Analysing The Political Economy

UK Falls To Lowest Ever Score On Global Corruption Index

It is of no surprise to see that the UK, under a government immersed in accusations of corruption, malfeasance and general abuse of office, has fallen on the global corruption perceptions index to its lowest-ever ranking. From illegal lobbying by sitting MPs, and undeclared personal interests to cash-for-favours and VIP lane Covid contracts worth hundreds of millions. The list seems endless. The fact that Nadhim Zahawi, the Chancellor of the Exchequer, was sacked over his own tax affairs tells you all you need to know about that malfeasance.

Results published show the UK’s score fell again this year to its lowest since the Index underwent a major revamp in 2012. The UK now sits at 20th in the global ranking, a sharp drop from its position just outside the top ten in 2021.

This year’s score of 71 follows increasing concerns about the UK government’s approach to corruption, despite the Prime Minister’s promise of a government of ‘integrity and professionalism’. The UK is still without an anti-corruption champion 15 months into his premiership.

The CPI came days before the COVID-19 inquiry began to look at the pandemic procurement processes that saw multiple scandals over lucrative government contracts to provide personal protective equipment (PPE) and the government’s so-called VIP lane.

The CPI uses impartial surveys from experts and business leaders to score and rank countries by the perceived level of corruption in their public sectors. The result is presented on a scale of zero (perceived as highly corrupt) to 100 (perceived as very clean).

The UK’s 2023 CPI score represents the most significant drop in Western Europe over the past five years (-9) steeper than Poland (-6) and Austria (-5). This decline since 2018 is similar in size to that in countries like Myanmar (-9), Nicaragua (-8), Liberia (-7), and Turkey (-7).

Daniel Bruce, Chief Executive, Transparency International UK said:

“The continued fall in the UK’s score shows a country heading in the wrong direction. It’s clear that business leaders and other experts are more concerned than ever about political corruption and the abuse of public office in the UK. These findings should be a wake-up call for government. We need urgent action from ministers – not just words – to restore much-needed confidence in the integrity of political and public life.”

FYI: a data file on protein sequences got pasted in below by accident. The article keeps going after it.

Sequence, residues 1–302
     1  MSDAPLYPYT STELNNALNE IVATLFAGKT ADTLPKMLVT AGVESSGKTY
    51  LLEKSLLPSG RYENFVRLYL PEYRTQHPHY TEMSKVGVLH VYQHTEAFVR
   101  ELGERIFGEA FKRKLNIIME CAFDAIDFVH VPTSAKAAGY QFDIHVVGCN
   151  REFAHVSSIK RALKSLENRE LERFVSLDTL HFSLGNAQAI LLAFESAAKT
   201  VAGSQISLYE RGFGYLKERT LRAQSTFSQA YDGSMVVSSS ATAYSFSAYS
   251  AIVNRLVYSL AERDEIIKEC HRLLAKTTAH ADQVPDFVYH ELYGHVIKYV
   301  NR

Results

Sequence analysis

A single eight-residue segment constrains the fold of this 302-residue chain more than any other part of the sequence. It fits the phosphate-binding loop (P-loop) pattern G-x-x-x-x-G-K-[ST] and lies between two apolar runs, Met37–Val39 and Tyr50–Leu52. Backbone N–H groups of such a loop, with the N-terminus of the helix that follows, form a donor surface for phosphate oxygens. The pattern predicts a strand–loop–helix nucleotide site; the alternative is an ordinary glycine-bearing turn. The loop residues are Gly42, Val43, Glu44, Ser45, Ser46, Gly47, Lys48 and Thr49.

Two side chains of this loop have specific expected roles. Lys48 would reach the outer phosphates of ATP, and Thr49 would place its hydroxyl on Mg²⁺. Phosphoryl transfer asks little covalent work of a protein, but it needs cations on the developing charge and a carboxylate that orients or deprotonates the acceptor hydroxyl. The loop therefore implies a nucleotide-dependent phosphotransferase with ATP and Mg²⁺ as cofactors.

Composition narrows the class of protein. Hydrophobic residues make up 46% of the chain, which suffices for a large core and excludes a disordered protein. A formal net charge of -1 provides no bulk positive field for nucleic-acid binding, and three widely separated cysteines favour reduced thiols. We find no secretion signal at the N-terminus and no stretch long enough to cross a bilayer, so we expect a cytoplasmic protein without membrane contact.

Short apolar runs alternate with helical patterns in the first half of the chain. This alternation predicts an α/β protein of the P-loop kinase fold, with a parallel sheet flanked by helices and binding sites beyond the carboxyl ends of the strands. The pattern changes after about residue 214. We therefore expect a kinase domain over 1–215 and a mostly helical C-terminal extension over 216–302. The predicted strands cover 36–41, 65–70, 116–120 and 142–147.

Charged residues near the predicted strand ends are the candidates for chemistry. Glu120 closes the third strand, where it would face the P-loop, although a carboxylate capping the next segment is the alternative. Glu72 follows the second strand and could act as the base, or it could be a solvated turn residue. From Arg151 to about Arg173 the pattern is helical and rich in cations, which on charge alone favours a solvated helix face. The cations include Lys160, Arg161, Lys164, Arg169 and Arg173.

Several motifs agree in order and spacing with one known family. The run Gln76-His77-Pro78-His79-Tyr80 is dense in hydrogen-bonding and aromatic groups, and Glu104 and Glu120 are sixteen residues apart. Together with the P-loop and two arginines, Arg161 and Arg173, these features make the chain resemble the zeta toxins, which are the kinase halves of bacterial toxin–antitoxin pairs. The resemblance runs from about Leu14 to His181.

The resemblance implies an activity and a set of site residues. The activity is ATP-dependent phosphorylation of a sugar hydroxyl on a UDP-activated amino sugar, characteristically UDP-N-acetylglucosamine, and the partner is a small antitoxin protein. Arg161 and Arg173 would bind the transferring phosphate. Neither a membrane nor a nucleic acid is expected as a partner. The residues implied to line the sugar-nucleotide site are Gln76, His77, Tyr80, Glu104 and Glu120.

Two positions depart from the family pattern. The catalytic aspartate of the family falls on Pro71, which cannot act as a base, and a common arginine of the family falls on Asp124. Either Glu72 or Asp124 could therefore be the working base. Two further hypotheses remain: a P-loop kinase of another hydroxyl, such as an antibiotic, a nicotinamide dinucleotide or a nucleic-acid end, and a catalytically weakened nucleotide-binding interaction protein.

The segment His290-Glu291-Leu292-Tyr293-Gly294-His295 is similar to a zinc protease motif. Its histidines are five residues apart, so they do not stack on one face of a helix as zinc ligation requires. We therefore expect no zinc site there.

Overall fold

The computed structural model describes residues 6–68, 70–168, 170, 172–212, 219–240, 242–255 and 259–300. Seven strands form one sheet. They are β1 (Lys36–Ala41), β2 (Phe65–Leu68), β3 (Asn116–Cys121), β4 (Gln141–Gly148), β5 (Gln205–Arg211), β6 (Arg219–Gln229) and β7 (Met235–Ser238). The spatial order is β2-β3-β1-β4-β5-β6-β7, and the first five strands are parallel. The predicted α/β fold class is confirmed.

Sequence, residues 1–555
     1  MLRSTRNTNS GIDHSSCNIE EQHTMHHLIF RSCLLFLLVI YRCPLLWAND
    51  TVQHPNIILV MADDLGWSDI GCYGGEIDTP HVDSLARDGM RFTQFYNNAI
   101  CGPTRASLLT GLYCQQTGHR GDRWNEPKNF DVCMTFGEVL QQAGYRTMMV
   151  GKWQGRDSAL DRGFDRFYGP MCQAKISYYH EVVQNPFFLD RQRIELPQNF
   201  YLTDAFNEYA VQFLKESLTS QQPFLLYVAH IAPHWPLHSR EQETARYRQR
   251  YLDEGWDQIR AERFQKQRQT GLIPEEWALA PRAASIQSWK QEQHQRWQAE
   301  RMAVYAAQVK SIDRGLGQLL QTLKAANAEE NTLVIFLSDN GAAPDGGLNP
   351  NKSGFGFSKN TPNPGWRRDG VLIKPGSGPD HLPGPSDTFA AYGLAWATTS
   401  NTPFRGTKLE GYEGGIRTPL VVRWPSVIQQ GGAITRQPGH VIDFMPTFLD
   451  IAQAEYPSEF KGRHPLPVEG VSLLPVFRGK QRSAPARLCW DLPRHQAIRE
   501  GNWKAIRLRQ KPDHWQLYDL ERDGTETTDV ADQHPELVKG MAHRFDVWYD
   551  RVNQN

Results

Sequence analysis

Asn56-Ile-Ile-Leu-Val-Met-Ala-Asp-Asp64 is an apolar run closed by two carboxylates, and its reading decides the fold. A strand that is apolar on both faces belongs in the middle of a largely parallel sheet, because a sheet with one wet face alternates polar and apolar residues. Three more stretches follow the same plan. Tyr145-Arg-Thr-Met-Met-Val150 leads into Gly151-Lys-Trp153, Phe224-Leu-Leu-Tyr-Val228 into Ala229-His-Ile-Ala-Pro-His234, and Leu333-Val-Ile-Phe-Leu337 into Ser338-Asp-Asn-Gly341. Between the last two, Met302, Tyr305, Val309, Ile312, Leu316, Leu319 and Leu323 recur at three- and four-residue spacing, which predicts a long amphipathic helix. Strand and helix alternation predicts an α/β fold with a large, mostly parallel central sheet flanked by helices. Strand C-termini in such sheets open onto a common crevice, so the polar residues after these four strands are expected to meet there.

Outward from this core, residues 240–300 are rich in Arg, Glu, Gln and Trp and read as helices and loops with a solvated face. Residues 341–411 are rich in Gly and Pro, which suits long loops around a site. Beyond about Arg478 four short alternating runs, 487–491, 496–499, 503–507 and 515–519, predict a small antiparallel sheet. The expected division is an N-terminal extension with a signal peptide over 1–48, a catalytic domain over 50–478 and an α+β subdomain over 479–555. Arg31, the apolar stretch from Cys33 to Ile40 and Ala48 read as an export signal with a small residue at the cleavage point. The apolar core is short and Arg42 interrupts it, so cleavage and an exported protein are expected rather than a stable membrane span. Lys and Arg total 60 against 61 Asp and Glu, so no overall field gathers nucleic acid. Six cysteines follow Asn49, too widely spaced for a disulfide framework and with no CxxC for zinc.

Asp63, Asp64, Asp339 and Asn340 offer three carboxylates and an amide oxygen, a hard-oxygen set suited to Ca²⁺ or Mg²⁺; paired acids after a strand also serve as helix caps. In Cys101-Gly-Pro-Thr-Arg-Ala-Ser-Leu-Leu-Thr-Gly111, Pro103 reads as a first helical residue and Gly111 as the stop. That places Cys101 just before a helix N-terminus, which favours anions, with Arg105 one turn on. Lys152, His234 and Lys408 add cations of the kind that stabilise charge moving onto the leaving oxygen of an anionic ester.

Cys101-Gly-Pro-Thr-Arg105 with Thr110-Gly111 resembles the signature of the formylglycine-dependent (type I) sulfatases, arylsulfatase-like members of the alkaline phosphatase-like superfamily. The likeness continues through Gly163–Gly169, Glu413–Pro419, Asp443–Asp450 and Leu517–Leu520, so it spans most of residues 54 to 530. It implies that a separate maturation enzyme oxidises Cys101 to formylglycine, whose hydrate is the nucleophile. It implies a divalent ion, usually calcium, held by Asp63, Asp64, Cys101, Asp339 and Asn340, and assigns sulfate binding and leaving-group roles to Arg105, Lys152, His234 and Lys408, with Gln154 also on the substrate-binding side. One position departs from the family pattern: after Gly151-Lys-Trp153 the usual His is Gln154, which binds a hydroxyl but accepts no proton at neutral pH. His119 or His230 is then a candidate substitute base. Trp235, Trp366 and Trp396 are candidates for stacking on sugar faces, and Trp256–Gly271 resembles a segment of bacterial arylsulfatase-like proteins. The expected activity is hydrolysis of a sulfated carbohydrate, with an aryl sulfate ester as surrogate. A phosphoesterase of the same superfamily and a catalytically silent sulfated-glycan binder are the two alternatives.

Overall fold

The UK’s latest score is based on data from eight independent sources, including the Economist Intelligence Unit and the World Economic Forum. All surveyed experts and business executives for their views on abuses of public office for private gain and bribery in the UK.

New data for this year’s CPI were collected between January 2022 and October 2023, during which time:

  • both the UK Government’s Anti-Corruption Champion and Independent Advisor on Ministerial Interests resigned – the Anti-Corruption Champion post remains vacant to this day
  • there was a stream of revelations about questionable procurement practices during the COVID-19 pandemic, including news of a criminal investigation by the National Crime Agency into contracts awarded to PPE Medpro
  • court disclosures highlighted that a major political donor to the Conservative Party was a person of importance in an industrial-scale money laundering scheme
  • there were continued concerns about the award of honours and peerages in return for substantial political donations and political loyalty


The data shows that while perceptions of bribery generally are improving, there are growing concerns over cronyism and patronage in politics, and its effect on the management of public funds.

To stop the slide in the UK’s score and regain its place in the CPI’s top 10, Transparency International UK call on the government to:

  1. Raise and enforce standards in government by placing ethics watchdogs and the codes they oversee on a statutory footing, including the Advisory Committee on Business Appointments (ACOBA), the Independent Adviser on Minister’ Interests and the House of Lords Appointments Committee (HOLAC).
  2. Put a stop to the corrosive influence of big money in politics by placing £10,000 cap on donations and reducing campaign spending limits and reporting thresholds.
  3. Show leadership and a genuine commitment to transparency and accountability by appointing an influential Anti-Corruption Champion and publishing an ambitious anti-corruption strategy that contends both with international kleptocracy and corruption in British politics.


Corruption around the World

Globally, the CPI average score remains unchanged at 43 for the twelfth year in a row. More than two-thirds of countries are seen to have a serious corruption problem, scoring below 50.

Denmark (90) tops the index, with South Sudan (13), Syria (13) and Somalia (11), all of which are embroiled in protracted conflict, remaining at the bottom.

Daniel Bruce, Chief Executive, Transparency International UK said:

“Despite repeated warnings, the UK’s score continues to fall. Britain has slid from just outside the top ten countries to barely clinging onto the top twenty in just two years. With the most significant drop in Western Europe we remain an unfortunate outlier, falling behind our peers – a powerful indictment of the recent decline in standards in government that have dominated the headlines in recent years.”


The ten countries for the least corruption in the index are: Denmark, Finland, New Zealand, Norway, Singapore, Sweden, Switzerland, Netherlands, Germany and Luxembourg.



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